The item total correlation is a measure of the reliability of a multi-item scale and a tool for improving such scales. It is the correlation between an individual item and the total score without that item. For example, if you had a test that had 20 items, there would be 20-item total correlations. For item 1, it would be the correlation between item 1 and the sum of the other 19 items. You can find correlations using a spreadsheet, statistical calculator, statistical software, or by hand.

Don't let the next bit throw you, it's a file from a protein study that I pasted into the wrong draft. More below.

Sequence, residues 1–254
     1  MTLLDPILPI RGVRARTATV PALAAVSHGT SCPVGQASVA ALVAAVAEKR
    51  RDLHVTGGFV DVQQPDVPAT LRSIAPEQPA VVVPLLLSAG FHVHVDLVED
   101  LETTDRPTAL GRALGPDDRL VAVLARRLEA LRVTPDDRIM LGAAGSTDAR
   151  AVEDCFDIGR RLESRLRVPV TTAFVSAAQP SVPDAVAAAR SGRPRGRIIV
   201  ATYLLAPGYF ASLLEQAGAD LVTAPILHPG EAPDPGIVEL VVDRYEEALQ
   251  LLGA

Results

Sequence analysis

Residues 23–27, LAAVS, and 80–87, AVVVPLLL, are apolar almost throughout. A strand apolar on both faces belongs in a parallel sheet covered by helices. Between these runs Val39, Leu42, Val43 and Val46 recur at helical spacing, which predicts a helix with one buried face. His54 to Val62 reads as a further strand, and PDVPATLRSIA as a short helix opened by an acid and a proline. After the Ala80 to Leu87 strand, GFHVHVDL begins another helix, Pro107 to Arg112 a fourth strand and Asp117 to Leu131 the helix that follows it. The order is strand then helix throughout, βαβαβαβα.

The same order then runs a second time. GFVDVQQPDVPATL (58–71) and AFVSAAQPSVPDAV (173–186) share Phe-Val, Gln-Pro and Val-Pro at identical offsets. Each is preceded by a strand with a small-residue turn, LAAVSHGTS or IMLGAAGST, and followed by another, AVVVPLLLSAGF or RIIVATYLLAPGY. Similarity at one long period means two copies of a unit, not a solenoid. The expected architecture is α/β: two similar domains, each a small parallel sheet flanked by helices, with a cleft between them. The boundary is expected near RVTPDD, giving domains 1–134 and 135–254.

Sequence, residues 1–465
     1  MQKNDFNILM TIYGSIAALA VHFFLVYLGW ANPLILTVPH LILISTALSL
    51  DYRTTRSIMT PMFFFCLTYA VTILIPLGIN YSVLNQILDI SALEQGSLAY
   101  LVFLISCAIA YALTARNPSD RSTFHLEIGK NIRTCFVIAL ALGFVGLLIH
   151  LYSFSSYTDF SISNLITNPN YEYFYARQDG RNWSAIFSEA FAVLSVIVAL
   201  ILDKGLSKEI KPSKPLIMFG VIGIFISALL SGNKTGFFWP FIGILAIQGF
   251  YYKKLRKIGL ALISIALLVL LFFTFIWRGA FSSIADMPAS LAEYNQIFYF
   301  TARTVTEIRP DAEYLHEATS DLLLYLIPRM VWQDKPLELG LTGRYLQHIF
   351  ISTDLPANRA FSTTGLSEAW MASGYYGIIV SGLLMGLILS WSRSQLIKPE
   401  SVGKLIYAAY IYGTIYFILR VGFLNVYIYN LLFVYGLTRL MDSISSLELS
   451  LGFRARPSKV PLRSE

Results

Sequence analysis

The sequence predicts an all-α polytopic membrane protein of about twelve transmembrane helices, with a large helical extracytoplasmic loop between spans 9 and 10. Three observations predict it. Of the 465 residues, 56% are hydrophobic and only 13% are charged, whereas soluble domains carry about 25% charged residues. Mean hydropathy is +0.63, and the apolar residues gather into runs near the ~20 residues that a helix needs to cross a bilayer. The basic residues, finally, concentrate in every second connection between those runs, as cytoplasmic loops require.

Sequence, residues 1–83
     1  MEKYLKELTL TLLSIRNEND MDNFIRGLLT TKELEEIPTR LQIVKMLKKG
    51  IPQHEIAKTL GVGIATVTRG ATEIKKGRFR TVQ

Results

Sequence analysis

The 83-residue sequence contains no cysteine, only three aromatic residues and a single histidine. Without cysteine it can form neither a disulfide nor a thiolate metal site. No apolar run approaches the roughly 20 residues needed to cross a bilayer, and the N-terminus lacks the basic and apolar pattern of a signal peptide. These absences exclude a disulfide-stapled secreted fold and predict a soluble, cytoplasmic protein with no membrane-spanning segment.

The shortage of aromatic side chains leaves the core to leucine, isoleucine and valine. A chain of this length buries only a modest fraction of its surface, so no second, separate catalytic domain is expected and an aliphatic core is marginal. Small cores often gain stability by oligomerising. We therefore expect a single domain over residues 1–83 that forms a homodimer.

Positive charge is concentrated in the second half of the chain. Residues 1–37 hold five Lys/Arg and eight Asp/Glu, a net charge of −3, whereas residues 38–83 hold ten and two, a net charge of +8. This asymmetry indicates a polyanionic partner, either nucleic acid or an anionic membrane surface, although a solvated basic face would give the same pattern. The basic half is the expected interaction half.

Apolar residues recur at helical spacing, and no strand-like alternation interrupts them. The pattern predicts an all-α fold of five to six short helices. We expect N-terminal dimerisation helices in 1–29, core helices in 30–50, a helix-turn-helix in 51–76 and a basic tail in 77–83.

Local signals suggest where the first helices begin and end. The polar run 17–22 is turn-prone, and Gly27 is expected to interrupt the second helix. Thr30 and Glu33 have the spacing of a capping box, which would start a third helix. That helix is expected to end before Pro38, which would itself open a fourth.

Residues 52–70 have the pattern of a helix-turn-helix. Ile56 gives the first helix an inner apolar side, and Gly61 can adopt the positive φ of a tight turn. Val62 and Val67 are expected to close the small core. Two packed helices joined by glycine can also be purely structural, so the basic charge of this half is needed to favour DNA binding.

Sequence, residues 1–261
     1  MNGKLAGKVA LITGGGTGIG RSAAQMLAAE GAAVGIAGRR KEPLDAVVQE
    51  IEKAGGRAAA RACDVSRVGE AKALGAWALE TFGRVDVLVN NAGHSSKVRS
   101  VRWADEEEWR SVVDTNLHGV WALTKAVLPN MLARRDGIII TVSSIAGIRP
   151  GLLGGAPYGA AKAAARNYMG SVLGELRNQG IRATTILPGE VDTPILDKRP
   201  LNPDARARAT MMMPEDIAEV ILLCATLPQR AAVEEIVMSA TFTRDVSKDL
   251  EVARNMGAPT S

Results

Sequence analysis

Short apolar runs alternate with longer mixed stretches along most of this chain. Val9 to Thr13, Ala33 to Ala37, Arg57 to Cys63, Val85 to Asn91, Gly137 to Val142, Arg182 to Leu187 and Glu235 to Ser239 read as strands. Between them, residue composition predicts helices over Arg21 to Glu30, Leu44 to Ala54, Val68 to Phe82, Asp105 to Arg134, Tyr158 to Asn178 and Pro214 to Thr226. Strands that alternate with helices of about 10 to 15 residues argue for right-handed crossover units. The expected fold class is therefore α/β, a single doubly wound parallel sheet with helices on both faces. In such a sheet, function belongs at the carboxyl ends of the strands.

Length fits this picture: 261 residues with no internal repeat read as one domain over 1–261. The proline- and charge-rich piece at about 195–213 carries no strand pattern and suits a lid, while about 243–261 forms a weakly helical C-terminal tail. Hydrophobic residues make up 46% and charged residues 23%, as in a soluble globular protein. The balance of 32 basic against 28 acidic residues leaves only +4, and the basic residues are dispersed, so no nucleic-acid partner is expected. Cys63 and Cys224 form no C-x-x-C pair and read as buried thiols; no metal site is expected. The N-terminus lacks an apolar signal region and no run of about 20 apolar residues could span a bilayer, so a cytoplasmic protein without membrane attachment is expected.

Find the total score for each person by adding up the score for each item.
Subtract the score for the first item from the total for each person.
Correlate the scores on the first item with the scores calculated in Step 2. Exactly how to do this will vary depending on your calculator. This is the item total correlation for item 1.
Repeat steps 2 and 3 for each other item.
About the Author
Peter Flom is a statistician and a learning-disabled adult. He has been writing for many years and has been published in many academic journals in fields such as psychology, drug addiction, epidemiology and others. He holds a Ph.D. in psychometrics from Fordham University.